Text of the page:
Germany managed the first wave of the COVID-19 epidemic relatively well thanks to an early and vigorous public health response. Nonetheless, unprecedented disruptions to economic and social activity caused a deep recession in the first half of 2020. The gradual easing of containment measures since late-April has led to a partial revival of growth, but in late-October a “lockdown light” was announced to counter a new wave of infections, and restrictions were further tightened in mid-December. Significant risks remain about the pace and extent of the recovery as the uncertain course of the epidemic continues to impact economic activity.
This 2011 Article IV Consultation reports that the vulnerability of Belgium’s sovereign debt to market pressures makes credible medium-term fiscal consolidation a priority. The 2012 budget includes sizable consolidation measures, and the government is committed to take additional measures as needed with the aim of reaching structural balance by 2015. In light of the weak growth prospects, automatic stabilizers should be allowed to operate freely around the consolidation path. There is a need to strengthen banking supervision and to implement the Basel III and Solvency II regulatory frameworks.
Gibraltar’s Detailed Assessment Report on Anti-Money Laundering (AML) and Combating the Financing of Terrorism is reviewed. The principal AML risk to Gibraltar is lodged in its professional sector, which is likely to be involved in the layering and integration of proceeds of crime. There is also some risk to Gibraltar at the placement stage, in connection with drug trafficking, migrant smuggling, and organized crime in southern Spain. The Financial Services Commission in Gibraltar has established a strong, risk-based framework for financial institutions for AML.
This paper discusses key findings of the assessment of Financial Sector Supervision and Regulation in Andorra. The assessment reveals that bank supervision in Andorra is broadly sound and has improved since the 2002 assessment. Institut Nacional Andorrà de Finances’ (INAF) new charter strengthened its independence and remedial powers. But these could be further strengthened by empowering it to impose all types of sanctions. Developing INAF’s onsite supervisory capacity and clarifying its requests to external auditors will be important for the bank and nonbank financial sectors.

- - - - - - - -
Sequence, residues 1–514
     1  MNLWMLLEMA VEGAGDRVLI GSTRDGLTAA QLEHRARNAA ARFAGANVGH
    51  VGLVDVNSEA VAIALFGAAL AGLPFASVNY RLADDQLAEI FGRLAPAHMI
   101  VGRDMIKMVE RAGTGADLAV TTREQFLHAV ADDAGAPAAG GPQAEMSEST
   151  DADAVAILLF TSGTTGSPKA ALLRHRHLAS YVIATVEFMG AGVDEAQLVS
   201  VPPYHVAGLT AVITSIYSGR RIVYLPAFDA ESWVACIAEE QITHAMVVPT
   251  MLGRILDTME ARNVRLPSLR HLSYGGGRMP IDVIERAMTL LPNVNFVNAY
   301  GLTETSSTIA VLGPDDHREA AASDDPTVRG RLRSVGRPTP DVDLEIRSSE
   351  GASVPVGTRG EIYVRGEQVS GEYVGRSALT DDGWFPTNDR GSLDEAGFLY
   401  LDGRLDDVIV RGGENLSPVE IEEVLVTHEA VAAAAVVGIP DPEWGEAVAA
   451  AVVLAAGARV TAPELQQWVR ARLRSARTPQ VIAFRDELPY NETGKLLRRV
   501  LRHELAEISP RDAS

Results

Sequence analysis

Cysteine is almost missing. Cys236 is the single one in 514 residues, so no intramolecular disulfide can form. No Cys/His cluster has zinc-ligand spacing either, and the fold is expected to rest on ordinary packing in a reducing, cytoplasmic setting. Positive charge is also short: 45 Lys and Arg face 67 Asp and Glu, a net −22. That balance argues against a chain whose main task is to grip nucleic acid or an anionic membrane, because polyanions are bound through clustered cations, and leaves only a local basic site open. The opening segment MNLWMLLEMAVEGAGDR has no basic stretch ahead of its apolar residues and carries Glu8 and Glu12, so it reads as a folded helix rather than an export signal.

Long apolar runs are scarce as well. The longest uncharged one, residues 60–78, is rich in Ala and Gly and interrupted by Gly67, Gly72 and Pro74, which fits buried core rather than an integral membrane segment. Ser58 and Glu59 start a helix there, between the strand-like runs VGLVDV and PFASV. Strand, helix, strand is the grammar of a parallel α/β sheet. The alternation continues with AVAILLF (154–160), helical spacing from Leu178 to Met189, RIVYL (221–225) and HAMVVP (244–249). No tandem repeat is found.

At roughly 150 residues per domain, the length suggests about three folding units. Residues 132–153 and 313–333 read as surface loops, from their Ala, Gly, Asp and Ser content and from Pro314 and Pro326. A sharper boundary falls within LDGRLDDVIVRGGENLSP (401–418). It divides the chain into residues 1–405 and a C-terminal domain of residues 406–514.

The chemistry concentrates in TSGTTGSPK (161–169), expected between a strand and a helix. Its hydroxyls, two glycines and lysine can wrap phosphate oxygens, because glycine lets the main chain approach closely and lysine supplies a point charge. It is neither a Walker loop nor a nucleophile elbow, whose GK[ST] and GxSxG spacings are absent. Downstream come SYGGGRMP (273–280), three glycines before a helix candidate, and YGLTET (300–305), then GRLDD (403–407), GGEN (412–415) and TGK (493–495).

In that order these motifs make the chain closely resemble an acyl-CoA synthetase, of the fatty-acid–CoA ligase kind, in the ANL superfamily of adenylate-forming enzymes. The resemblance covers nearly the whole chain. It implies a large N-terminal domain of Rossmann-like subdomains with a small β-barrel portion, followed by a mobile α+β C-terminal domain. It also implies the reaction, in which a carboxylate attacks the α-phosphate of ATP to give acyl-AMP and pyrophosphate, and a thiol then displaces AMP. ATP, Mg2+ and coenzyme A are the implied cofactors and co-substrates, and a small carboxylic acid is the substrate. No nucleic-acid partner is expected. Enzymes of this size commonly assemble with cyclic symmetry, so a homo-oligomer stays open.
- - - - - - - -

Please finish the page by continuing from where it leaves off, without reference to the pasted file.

This report examines the Observance of Standards and Codes on the Financial Action Task Force (FATF) Recommendations for Anti-Money Laundering and Combating the Financing of Terrorism (AML/CFT) for Spain. The findings reveal that the Spanish legal framework for combating money laundering and terrorist financing is generally comprehensive. Money laundering offences are broad in scope and easy to apply, according to Spanish prosecutors. Terrorist financing offences are broadly satisfactory, although they do not appear to cover acts of an individual terrorist and collection of funds under certain circumstances.
International Monetary Fund. External Relations Dept.
The Web edition of the IMF Survey is updated several times a week, and contains a wealth of articles about topical policy and economic issues in the news. Access the latest IMF research, read interviews, and listen to podcasts given by top IMF economists on important issues in the global economy. www.imf.org/external/pubs/ft/survey/so/home.aspx